The Council of Ministers reached a general approach on the revised Industrial Emissions Directive the 16th of March.
The Confederation of Swedish Enterprise together with member organizations that have worked actively on the revised Industrial Emissions Directive, appreciates the Swedish position on the importance of flexible use of resources, but are concerned that other Member States do not share the same view. The proposal risks preventing innovation and slowing down the green transition, writes Karin Nilsson, Environmental Policies Expert.
Swedish Enterprise, together with its member organizations, has quickly analyzed the general approach from the Council of Ministers, and are concerned that the revised Industrial Emissions Directive may lead to over-detailed regulation that inhibits the important transition.
The binding requirements on the use of resource are unchanged, but the possibility of derogations has been introduced. Despite derogations, we believe that these requirements will reduce flexibility and inhibit innovation. Binding requirements on resources will make the green transition more difficult as many products that are more sustainable and of higher quality require more resources. The proposal will be counterproductive by favoring only simple processes and products - but not the advanced production that takes place in, for example, Sweden.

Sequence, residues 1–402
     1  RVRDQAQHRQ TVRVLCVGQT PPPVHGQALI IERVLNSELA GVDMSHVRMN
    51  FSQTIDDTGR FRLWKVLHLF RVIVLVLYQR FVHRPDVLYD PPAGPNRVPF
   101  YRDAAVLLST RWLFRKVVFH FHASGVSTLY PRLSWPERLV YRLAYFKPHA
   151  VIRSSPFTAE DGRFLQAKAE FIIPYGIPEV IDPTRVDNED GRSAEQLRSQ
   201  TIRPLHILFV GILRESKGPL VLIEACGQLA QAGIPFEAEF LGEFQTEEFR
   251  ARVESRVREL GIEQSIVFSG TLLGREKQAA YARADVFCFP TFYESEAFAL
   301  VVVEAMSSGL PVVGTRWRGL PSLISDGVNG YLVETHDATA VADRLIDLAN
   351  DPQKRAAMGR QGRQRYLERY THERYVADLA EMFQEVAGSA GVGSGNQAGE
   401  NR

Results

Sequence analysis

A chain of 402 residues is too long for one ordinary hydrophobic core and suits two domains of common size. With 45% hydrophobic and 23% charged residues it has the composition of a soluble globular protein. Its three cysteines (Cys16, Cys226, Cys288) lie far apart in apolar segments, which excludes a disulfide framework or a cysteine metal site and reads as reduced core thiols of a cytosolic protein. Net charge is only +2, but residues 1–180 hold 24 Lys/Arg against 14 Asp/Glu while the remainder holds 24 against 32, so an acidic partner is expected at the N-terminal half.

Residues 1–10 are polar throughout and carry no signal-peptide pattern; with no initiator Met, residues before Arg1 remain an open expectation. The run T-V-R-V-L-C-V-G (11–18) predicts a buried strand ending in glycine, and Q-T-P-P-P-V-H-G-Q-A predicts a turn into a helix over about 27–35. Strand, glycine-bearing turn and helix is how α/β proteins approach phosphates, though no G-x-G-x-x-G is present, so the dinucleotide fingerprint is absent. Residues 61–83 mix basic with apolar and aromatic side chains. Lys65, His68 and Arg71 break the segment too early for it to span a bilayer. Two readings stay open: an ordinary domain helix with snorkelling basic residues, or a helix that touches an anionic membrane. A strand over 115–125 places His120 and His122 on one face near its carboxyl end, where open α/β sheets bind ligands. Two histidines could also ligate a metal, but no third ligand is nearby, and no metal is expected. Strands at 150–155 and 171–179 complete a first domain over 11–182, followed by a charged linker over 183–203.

The proposal for ”strictest possible emissions limit values” risks result in that all decisions that must be taken to obtain a higher value than the strictest possible will lead to an extensive court process. This puts at risk the efficient permitting processes required to achieve the green transition. In addition, it is impossible for an installation to have ”strictest possible emissions” on all parameters. Consideration must be given to what is most environmentally efficient for each unique installation and location.
The detailed level of requirements imposed by the revised directive risks hindering investments and at the same time greatly complicating the Swedish permit processes. To meet the EU’s climate goals, increase resource efficiency, and contribute to the circular economy, companies need to have control over the optimization of their resource use and contribute to the best possible environmental benefits in society.
The Confederation of Swedish Enterprise, together with its member organizations, will need to continue to work actively for a functioning permit system in the EU and Sweden.